Doctrine of Transferred Intent
5 intentional torts which fell w/in the writ of trespass:
3) False Imprisonment
4) Trespass to Land
5) Trespass to Chattels
Intent will be found where a defendant intends to commit one of these 5 intentional torts against a particular person but instead:
1) commits that intentional tort against a different person
2) commits a different intentional tort against that person
3) commits a different intentional tort against a different person
1. Rest. 2d § 13: An actor is subject to liability to another for battery if [all of these elements must be present, no such thing as “attempted” battery]:
a. Δ acts intending to cause a harmful or offensive contact with the person of another or a third person, OR an imminent apprehension of such a contact, and
b. A harmful or offensive contact with the person of the other directly or indirectly results.
c. Shortened form:
iv. harmful or offensive contact with the person of another.
d. Battery does not require that one actually touches the other as long as one person causes contact between the other and something else that is harmful.
e. Battery does not require the π to be aware at the time of the actual contact.
i. don’t have to be contemporaneously aware of the contact, as long it’s offensive, doesn’t matter if you happen to find out about it later (eg: being kissed on cheek while asleep)
2. What is CONTACT?
a. If Brian moved the chair and Plaintiff didn’t fall and have contact with the ground, there wouldn’t be an issue here. HAS TO HAVE CONTACT.
b. If J.R. rear ends a car, the contact of his car hitting the other isn’t the contact. It’s the woman hitting her head on the steering wheel or whatever it is her person hits.
3. What is “HARMFUL CONTACT”??
a. “any physical impairment of the condition of another’s body, or physical pain or illness.” Rest. 2d § 15
b. There is an impairment of the physical condition of another’s body if the structure or function of any part of the other’s body is altered to any extent even though the alteration causes no other harm.
i. Harmful if it injures, disfigures, impairs, or causes pain to any bodily organ or function.
c. Reasonable Person Standard (Objective)
4. What is “OFFENSIVE CONTACT”?
a. “offends a reasonable sense of personal dignity” Rest. 2d §19
b. Restatement language:
Intending to cause harmful/offensive conduct that turns out t
fer to make out the tort?
Western Union Telegraph Co. v. Hill
Western Union employee wants to “love and pet π” before he “fixes π’s clock,” but can he reach over the counter?
ISSUE: Was there such an assault as will justify an action for damages? Was the act of Sapp towards Mrs. Hill, π’s wife, such as to render this Δ liable under the doctrine of respondeat superior?
HOLDING: Court seems to say that this is an issue for the trial court to decide. Because the questionable action was performed by Sapp during his employment but not within the scope of his employment, Western Union Telegraph Co. is not liable under the doctrine of respondeat superior.
· She does not need to be “afraid” to have it be assault. Apprehension is enough.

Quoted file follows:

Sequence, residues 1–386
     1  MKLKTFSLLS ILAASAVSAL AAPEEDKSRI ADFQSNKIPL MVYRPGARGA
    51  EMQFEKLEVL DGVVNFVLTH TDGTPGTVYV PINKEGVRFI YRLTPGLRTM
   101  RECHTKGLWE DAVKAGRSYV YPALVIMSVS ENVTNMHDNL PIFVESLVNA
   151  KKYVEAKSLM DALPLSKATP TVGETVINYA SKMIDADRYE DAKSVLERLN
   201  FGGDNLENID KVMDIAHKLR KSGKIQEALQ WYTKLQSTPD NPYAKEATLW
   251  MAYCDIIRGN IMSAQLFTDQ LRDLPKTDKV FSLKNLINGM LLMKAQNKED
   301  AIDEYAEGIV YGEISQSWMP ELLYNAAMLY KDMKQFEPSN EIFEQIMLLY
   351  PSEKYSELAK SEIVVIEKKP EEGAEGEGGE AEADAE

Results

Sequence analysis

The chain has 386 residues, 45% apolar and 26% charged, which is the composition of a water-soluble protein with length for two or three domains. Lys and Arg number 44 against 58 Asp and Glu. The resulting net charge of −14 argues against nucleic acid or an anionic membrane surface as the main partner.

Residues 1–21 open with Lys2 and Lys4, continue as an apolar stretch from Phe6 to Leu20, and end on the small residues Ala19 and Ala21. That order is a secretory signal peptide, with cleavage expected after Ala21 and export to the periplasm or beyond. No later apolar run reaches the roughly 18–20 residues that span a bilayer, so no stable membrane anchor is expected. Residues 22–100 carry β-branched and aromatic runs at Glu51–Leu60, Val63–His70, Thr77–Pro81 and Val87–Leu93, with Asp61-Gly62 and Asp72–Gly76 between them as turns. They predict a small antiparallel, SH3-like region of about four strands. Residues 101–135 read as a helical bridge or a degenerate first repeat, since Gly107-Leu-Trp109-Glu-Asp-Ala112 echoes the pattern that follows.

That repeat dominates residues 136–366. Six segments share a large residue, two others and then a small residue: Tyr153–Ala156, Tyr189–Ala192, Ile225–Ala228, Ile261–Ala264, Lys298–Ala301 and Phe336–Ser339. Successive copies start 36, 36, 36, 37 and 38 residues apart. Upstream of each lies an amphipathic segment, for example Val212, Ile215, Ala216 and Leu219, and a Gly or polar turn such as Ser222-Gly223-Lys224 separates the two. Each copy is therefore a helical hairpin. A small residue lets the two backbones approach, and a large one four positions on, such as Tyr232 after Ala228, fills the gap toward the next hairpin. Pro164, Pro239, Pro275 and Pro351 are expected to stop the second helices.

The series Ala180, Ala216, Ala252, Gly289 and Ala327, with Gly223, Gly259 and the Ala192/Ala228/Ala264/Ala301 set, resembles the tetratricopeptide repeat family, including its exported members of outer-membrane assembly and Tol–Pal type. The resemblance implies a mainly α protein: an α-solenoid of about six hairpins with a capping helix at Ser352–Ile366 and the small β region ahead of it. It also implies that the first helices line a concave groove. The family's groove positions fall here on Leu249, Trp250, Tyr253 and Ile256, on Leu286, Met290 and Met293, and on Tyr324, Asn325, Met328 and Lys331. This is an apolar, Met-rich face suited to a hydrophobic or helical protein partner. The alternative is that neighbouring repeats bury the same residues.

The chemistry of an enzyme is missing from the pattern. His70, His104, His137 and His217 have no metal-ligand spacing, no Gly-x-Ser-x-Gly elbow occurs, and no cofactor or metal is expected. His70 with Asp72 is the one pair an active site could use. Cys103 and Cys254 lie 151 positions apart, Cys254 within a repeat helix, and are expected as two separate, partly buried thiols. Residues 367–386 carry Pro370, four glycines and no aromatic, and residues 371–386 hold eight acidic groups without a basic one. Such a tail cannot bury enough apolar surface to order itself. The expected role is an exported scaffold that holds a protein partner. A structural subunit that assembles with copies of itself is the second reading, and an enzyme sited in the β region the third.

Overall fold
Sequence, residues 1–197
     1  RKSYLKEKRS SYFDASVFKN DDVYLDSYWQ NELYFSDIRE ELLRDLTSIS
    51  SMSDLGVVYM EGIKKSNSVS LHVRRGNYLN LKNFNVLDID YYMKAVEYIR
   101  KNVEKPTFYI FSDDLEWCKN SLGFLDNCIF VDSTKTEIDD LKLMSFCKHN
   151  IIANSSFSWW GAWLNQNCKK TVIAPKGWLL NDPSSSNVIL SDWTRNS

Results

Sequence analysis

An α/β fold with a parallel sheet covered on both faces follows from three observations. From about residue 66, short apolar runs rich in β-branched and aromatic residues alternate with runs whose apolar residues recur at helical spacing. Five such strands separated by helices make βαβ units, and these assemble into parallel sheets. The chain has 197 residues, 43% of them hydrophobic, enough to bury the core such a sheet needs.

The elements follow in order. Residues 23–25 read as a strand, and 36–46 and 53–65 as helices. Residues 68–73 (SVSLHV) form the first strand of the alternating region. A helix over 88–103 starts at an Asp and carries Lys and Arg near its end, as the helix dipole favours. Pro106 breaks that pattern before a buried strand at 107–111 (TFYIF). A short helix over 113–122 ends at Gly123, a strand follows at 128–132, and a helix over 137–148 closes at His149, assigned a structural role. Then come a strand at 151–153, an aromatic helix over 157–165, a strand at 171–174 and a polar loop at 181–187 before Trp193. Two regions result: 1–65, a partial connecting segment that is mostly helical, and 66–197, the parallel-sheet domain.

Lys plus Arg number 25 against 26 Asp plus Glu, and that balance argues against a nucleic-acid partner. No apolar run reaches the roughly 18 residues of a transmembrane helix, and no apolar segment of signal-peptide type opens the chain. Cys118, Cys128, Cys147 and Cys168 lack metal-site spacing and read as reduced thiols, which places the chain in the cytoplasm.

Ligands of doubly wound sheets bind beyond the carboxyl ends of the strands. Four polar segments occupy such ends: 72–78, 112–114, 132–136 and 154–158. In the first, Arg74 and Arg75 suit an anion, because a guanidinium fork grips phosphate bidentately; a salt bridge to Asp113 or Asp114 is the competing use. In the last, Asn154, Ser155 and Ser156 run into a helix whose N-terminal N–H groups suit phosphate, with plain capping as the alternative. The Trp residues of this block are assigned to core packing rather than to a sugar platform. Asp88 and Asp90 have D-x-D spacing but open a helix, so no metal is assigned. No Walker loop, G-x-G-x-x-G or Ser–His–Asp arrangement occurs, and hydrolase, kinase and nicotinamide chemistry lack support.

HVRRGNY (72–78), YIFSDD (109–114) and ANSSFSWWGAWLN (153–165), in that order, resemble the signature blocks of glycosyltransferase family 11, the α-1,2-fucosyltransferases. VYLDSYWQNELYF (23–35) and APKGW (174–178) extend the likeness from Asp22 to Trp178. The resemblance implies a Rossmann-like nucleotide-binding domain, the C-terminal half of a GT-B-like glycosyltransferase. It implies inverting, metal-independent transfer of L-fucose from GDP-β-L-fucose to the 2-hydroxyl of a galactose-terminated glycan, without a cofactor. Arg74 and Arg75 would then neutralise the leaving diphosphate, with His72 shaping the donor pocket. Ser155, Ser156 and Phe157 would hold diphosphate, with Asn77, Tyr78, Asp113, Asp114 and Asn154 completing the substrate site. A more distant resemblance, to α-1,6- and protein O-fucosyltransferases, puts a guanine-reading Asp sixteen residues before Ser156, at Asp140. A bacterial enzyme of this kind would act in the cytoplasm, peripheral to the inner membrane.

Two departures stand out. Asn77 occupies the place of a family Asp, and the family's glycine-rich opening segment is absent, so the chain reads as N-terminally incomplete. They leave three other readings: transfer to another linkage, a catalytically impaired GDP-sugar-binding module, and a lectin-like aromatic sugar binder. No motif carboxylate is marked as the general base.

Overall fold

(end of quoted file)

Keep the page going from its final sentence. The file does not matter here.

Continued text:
· The INTENT for assault is the intent to apprehend imminent contact.
· If he believes she’s going to welcome the contact, and it turns out she doesn’t (and a reasonable person would think it’s harmful/offensive), and there IS contact, is it a battery?
· Vast majority of courts say he has to be intending it to be harmful/offensive, or know it will be harmful/offensive
D. FALSE IMPRISONMENT
1. Conduct intentionally causing confinement (willful detention) against the will of another (no consent) without authority of law OR knowledge that confinement is substantially certain to result AND confinement actually results
2. Rest. 2d § 35An actor is subject to liability to another for false imprisonment if:
a. he acts intending to confine the other or a third person within boundaries fixed by the actor, and
b. his act directly or indirectly results in such a confinement of the other, and
c. the other is conscious of the confinement or is harmed by it.
3. Shortened version:
the unlawful confinement of another against his or her will.
4. Don’t confuse actual confinement and intent to confine.
5. SPLIT re π’s KNOWLEDGE:
a. Some jurisdictions require contemporaneous awareness of confinement:
i. ex: guy is drunk, has nooooo idea he’s being falsely imprisoned, and is seriously injured by the imprisonment, no false imprisonment because no awareness!
b. Other jurisdictions (the majority) and the Restatement require EITHER awareness OR injury
i. ex: Baby in the bank – hungry & thirsty, might not know he’s confined but he’s harmed. False Imprisonment under the Rest.
6. POSSIBILITY OF ESCAPE:
a. Irrelevant whether there is some means of escape if the π does not know that means of escape exists
b. If means of escape exists and the π knows about it the means of escape must be reasonable (means of escape can’t be physically dangerous or offensive).
7. Shopkeepers privilege:
a. Reasonable belief a person has stolen or is attempting to steal;
b. Detention for a reasonable time; and
c. Detention in a reasonable manner.
d. Guilt doesn’t matter, but reasonableness does.
e. Shopkeeper is privileged to convey for a reasonable time to conduct a reasonable investigation, someone who they have reasonable belief has stolen something.
i. The reason we have this has to do with ANOTHER defense that’s available:
o May use reasonable force to recover chattel immediately after dispossession (“Recovery of Property”)
o Why can’t this one just cover shopkeepers too? Because shopkeeper’s privilege doesn’t require the item to actually be stolen, just need to “reasonably believe” that something has been stolen.